While we have described several embodiments of our non-blocking mechanical fiberoptic matrix switch, adaptations and modifications thereof will occur to those skilled in the art. For example, the number of input and output optical fibers can be varied and N may equal M. The switch could be built in a 1×M configuration in which there would only be a single input fiber on a single stage that could translate along one or more paths to align the same with one of a plurality of output fibers with their end portions supported in stationary locations along the paths by ferrules mounted on a panel, or by other suitable means. Only one motor could be used on each side of the switch 10 allowing only one fiber on each side of the switch to be connected at a time. A low cost embodiment would assume only a limited number of translations over the life of the switch and therefore use the split sleeve, mating fiber end approach with no lenses, one slow motor per plane, and plastic rails. The stages carrying the input fibers and output fibers need not be straight and orthogonal to each other. It is sufficient if the input fibers and their stages translate along a first set of paths that overlap with a second set of paths along which the output fibers and their stages translate. Therefore, the protection afforded our invention should only be limited in accordance with the scope of the following claims.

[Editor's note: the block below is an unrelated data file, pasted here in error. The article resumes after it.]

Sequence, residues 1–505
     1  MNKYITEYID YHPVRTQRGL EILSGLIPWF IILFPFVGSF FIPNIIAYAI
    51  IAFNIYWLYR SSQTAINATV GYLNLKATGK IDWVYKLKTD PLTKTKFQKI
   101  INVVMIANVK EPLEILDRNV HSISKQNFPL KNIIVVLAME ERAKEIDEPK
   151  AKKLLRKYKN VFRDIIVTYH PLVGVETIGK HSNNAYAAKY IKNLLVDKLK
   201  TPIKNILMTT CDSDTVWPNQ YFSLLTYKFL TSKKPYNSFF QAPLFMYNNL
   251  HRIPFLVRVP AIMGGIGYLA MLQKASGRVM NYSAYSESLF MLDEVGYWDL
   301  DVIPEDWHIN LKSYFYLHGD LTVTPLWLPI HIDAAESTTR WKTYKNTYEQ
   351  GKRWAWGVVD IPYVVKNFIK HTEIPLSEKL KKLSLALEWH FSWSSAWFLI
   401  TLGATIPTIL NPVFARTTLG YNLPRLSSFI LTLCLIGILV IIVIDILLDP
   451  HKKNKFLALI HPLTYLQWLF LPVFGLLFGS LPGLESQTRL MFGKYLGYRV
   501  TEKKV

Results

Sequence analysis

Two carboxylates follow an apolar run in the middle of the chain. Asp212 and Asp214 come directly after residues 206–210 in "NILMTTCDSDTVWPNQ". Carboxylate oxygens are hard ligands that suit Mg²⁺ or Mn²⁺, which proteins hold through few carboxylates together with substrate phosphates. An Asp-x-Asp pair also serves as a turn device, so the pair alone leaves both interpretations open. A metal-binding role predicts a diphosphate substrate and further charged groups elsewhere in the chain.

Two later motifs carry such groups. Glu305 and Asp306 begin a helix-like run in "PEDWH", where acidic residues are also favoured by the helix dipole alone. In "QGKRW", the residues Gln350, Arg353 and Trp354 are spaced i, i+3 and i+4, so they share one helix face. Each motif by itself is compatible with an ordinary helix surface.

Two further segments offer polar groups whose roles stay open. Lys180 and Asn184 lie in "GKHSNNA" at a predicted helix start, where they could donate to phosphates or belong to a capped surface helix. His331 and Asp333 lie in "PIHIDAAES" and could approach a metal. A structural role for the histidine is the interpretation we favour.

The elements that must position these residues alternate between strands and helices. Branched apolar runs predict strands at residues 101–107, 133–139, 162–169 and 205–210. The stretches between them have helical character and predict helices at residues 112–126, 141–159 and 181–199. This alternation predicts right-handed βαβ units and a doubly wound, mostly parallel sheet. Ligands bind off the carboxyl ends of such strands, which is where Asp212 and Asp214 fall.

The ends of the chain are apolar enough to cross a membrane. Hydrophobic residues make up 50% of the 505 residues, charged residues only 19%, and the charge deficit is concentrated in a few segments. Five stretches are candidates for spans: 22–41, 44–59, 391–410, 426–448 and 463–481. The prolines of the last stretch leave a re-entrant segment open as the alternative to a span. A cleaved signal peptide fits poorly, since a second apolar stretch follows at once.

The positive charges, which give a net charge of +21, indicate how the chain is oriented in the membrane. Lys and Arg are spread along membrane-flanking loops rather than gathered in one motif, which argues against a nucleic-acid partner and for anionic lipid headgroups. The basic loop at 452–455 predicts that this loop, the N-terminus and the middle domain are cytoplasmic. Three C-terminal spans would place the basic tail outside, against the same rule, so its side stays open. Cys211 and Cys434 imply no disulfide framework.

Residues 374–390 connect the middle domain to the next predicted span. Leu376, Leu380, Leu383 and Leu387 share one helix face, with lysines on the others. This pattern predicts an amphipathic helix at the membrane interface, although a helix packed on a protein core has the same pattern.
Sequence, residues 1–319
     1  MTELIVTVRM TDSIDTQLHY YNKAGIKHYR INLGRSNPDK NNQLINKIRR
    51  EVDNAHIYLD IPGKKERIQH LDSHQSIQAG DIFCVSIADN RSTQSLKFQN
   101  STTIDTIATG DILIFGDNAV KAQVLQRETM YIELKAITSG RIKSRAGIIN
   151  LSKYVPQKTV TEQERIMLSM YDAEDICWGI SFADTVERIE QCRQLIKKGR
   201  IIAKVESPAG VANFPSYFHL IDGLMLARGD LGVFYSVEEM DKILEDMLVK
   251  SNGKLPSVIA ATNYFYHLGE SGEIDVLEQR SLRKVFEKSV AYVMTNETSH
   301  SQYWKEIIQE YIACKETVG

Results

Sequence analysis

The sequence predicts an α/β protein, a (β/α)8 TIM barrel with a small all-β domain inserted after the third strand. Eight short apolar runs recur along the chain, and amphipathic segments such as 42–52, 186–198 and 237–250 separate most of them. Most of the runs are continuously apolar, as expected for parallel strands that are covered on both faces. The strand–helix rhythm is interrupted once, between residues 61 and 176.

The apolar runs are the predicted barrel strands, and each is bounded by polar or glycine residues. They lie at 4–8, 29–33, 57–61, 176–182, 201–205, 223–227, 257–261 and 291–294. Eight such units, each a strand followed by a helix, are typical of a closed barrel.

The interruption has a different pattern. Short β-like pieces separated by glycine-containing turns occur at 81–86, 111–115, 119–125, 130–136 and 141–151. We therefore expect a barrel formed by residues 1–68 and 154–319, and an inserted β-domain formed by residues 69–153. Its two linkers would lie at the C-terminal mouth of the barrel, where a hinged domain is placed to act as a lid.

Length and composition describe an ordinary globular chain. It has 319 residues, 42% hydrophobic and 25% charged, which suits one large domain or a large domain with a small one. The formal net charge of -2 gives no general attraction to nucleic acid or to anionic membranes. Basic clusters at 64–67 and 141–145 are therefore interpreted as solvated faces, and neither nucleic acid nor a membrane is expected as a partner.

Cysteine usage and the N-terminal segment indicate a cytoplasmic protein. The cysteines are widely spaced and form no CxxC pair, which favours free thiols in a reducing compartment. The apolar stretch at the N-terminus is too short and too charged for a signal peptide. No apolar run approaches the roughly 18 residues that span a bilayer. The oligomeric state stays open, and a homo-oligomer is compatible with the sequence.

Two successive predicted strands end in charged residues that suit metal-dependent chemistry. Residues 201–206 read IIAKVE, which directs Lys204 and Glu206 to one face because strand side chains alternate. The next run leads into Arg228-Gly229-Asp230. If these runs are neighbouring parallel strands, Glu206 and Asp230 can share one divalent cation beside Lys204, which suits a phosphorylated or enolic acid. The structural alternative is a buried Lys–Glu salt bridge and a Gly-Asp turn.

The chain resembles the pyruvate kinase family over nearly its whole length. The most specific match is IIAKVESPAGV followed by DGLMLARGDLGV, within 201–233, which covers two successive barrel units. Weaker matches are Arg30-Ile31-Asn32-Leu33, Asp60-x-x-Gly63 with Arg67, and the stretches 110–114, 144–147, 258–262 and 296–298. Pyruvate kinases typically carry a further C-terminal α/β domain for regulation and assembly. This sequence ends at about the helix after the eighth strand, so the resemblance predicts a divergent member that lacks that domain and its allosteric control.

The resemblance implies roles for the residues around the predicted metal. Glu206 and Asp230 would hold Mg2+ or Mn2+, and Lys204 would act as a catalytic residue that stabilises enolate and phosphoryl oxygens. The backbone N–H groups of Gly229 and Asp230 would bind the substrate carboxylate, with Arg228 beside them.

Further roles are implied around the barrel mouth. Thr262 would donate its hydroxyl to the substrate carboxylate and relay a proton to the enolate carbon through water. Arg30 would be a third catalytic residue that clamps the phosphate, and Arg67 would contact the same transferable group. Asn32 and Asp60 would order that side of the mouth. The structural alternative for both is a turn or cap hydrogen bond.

|Citing Patent||Filing date||Publication date||Applicant||Title|
|US8385694||Sep 9, 2009||Feb 26, 2013||Draka Comteq B.V.||Automated optical switch and method|
|US20130294723 *||Jun 8, 2013||Nov 7, 2013||Telescent Inc.||Methods to Reconfigure All-Fiber Optical Cross-Connects|
|International Classification||G02B26/08, G02B6/38, G02B6/35|
|Cooperative Classification||G02B6/3556, G02B6/3542, G02B6/3873, G02B6/3572, G02B6/3874, G02B6/3508, G02B6/3578|
|Mar 13, 2002||AS||Assignment|
Owner name: AGILENT TECHNOLOGIES, INC., COLORADO
Free format text: ASSIGNMENT OF ASSIGNORS INTEREST;ASSIGNORS:LEMOFF, BRIAN E.;HOKE, CHARLES D.;SCHROEDER, DALE W.;REEL/FRAME:012478/0895;SIGNING DATES FROM 20011212 TO 20020308
|Feb 22, 2006||AS||Assignment|
Owner name: AVAGO TECHNOLOGIES GENERAL IP PTE. LTD., SINGAPORE
Free format text: ASSIGNMENT OF ASSIGNORS INTEREST;ASSIGNOR:AGILENT TECHNOLOGIES, INC.;REEL/FRAME:017207/0020
Effective date: 20051201
|May 25, 2006||AS||Assignment|
|Apr 1, 2009||FPAY||Fee payment|
Year of fee payment: 4
|Mar 7, 2013||FPAY||Fee payment|
Year of fee payment: 8
|May 7, 2013||AS||Assignment|
Owner name: AVAGO TECHNOLOGIES GENERAL IP (SINGAPORE) PTE. LTD
Free format text: MERGER;ASSIGNOR:AVAGO TECHNOLOGIES FIBER IP (SINGAPORE) PTE. LTD.;REEL/FRAME:030369/0672
Effective date: 20121030